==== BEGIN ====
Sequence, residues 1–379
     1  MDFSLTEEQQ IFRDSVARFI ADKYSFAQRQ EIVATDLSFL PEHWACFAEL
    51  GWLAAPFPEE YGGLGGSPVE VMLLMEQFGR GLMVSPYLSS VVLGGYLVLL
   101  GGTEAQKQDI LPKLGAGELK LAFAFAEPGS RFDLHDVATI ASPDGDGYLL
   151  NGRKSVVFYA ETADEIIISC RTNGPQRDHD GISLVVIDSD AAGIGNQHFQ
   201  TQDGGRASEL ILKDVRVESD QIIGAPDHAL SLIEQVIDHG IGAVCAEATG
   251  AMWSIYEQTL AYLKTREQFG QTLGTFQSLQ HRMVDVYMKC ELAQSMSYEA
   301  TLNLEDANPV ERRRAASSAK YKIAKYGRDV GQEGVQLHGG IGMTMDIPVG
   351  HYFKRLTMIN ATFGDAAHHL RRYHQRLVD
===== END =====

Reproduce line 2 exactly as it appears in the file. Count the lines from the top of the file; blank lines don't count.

     1  MDFSLTEEQQ IFRDSVARFI ADKYSFAQRQ EIVATDLSFL PEHWACFAEL